CHANAY: I think, you know, sometimes that is the case. But, you know, the problem is that when you're dealing with 19, 20 and 21-year-olds, who - they are really equal in peers - it just happens to be that I came to school a year or two prior to, and it's about tradition. It's about trying to hold a tradition that's supposedly been in place for years.

But as we were putting together our task force at Jackson State, a number of the older members, alumni members of the band, stated that they never got involved in any type of physical hazing. Yes, they might have had freshmen that carried their instruments or things like that, but they never got involved with physical hazing.

But I think it was very clearly stated what has happened, I think where you have students that are trying to do more than what was done in prior years or trying to do things that they seem to think that's going to make them a better band member. And it definitely tells that it doesn't make you a better band member just because you went through one thing. It has nothing to do with the way you play your instrument.

And that's one of the things that we found out through that task force. The young men that were being hazed, it was not about that they were playing wrong or doing things. They would get, you know, direction from the band directors, but it was just because they wanted them to go through a process. So it had nothing to do with their music ability at all.

CONAN: Let's see if we can get another caller in. This is Nick(ph), Nick with us from St. Louis.

NICK: Sure, thanks.

CONAN: Go ahead, please.

NICK: How are you doing? Yeah, I just wanted to comment. I was - I was in the band last year and they surprised me with the gauntlet they made me run through. But I don't see it as a problem. It was a very interesting - you know, they slapped me with female sexual objects as I ran through. But I would continue it. I liked it. It wasn't a bad experience.

CONAN: It was not a bad - so you didn't feel threatened in any way?

NICK: No, I didn't feel threatened. They were kind of jelly, rubbery soft, and you know, they just slapped me in the face with them as I ran through the gauntlet.

CONAN: So some humiliation, but all in good fun?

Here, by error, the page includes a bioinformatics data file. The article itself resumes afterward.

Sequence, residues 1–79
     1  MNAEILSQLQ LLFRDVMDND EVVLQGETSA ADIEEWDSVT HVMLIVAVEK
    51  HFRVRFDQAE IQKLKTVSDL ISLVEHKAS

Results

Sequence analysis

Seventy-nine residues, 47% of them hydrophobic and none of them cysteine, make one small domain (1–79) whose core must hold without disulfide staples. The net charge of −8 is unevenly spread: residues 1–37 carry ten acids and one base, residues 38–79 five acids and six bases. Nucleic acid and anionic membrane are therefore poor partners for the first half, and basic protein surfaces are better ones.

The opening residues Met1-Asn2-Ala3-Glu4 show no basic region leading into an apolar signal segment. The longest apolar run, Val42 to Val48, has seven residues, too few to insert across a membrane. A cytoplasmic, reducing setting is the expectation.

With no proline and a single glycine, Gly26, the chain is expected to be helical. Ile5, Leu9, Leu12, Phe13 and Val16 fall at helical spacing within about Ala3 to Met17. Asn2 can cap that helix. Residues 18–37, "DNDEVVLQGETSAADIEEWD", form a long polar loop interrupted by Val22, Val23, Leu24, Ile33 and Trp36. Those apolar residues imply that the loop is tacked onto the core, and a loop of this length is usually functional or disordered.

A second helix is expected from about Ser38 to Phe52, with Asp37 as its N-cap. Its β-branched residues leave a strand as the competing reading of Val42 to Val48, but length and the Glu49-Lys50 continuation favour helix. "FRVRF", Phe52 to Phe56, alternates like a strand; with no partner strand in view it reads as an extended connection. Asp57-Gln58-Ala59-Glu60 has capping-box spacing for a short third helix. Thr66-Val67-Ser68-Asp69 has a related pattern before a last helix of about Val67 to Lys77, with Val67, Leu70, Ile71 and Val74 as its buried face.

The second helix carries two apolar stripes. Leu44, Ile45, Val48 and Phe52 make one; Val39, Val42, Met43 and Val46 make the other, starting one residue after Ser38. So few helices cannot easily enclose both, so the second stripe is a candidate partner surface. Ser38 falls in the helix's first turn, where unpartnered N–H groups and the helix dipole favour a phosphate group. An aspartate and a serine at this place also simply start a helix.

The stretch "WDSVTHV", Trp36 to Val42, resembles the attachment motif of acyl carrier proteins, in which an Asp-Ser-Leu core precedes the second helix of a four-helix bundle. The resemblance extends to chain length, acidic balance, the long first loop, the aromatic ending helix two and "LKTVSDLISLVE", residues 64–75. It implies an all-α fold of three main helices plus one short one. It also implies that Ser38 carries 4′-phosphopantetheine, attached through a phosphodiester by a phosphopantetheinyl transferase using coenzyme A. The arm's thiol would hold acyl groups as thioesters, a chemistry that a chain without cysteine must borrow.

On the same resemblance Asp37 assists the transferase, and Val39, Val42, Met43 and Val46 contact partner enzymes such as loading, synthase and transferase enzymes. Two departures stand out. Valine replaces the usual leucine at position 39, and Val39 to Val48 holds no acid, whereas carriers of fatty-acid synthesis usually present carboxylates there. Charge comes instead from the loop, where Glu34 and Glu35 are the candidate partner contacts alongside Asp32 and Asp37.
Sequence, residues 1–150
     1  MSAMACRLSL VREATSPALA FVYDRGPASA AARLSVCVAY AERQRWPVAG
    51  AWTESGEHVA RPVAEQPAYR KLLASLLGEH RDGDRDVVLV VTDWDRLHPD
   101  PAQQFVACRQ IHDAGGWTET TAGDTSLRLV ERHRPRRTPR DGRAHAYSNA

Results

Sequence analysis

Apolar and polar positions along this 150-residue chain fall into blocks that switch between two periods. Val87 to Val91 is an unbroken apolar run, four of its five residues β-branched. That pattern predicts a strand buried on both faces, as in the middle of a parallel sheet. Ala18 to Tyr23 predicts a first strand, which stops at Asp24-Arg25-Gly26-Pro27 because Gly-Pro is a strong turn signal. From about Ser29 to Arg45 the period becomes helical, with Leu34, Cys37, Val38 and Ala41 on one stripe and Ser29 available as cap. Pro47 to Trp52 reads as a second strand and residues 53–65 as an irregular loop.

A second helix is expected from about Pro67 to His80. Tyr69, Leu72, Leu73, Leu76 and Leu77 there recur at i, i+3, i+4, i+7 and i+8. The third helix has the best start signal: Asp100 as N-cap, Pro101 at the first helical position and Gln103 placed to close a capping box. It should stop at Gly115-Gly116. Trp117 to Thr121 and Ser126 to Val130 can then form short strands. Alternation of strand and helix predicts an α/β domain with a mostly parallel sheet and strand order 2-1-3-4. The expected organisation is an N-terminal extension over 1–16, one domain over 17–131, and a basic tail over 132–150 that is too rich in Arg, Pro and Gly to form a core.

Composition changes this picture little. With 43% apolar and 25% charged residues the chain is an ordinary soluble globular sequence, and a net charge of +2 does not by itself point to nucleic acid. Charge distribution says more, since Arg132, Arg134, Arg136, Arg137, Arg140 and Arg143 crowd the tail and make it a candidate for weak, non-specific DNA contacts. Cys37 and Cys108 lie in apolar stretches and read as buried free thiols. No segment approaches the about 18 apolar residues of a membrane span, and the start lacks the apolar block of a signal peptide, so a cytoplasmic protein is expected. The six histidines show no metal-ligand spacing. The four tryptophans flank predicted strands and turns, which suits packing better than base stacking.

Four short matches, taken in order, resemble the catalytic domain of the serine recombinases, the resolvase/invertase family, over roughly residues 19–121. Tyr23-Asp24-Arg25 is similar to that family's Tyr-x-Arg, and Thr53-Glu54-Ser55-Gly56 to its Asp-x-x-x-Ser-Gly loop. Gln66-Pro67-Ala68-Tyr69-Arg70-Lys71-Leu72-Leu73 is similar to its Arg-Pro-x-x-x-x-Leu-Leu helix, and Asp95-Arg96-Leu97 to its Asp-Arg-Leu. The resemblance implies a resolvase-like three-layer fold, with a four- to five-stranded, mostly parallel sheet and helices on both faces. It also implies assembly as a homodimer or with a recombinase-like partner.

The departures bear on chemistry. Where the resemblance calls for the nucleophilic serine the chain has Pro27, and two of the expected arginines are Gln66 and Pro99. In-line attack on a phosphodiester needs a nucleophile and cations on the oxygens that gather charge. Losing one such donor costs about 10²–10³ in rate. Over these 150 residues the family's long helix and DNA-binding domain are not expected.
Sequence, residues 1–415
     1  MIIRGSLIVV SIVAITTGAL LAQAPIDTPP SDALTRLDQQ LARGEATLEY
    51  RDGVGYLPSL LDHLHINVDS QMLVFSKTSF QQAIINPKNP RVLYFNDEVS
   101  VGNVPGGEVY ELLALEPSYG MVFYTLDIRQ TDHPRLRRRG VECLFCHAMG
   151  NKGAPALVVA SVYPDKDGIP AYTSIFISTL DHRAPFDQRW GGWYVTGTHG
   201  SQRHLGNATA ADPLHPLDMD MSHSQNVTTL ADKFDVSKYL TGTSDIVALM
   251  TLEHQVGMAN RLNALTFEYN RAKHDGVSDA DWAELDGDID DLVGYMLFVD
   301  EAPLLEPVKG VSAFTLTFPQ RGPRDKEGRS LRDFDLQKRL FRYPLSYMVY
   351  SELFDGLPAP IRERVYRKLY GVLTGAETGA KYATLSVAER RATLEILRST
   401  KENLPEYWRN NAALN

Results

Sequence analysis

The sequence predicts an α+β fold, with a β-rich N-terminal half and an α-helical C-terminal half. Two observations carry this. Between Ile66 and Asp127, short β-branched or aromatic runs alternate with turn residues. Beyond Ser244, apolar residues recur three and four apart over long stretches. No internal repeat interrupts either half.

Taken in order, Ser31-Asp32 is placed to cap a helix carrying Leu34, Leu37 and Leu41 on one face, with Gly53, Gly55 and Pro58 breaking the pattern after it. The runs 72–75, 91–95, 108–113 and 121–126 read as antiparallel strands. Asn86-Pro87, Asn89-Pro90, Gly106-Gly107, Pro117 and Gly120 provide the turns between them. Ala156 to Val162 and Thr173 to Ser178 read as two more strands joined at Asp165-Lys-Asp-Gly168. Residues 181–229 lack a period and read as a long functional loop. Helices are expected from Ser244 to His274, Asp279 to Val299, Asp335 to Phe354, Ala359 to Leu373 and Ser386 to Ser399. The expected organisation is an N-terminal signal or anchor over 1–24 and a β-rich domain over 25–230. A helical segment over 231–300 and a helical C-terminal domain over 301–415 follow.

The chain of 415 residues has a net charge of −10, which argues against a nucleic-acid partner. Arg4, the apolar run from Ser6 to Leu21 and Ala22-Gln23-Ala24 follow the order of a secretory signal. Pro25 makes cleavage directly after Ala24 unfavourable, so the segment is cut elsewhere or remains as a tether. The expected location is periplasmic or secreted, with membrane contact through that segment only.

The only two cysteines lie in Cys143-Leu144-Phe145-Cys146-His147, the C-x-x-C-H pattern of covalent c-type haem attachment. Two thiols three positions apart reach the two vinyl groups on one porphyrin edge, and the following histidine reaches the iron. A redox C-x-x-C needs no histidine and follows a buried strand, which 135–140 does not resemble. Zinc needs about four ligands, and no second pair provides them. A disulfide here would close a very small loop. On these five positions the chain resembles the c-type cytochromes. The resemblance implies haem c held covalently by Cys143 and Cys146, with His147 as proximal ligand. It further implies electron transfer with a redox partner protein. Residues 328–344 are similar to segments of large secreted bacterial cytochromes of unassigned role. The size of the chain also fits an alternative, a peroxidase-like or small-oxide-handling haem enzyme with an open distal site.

NICK: All in good fun. We put them in our mouths, and you know, it was - some were big, some were small.

CONAN: Thanks very much for the call. Donna Freitag, it would not take much to take what he just said and say that's sexual abuse.

FREITAG: Yeah, exactly, and I just - you know, one of the points that I wanted to make, that we call it hidden harms of hazing in that you don't know what someone's background is as far as the students coming in. We've had students that maybe were sexually abused prior to coming to college, or maybe their father or mother committed suicide, or there's, you know, there could be drug issues.

And when you're asking students to do things that are a little out of the ordinary as that, you're putting them in harm's way without really knowing what their background is all about and the harm it could actually do to them psychologically without really meaning to, but you just don't know someone's background. So asking them to do that, I think, is very, very harmful.

CONAN: Email from Ron: My daughter was in a high school marching band and later college. She joined an elite private marching band one summer in the off-season. She came home with a broken pelvis. Until the recent Florida incident, it never occurred to me that her injury might have been a hazing incident. My daughter isn't talking.

And Marcus Chanay, is that part of the problem too? Is there a, you know, don't squeal culture too?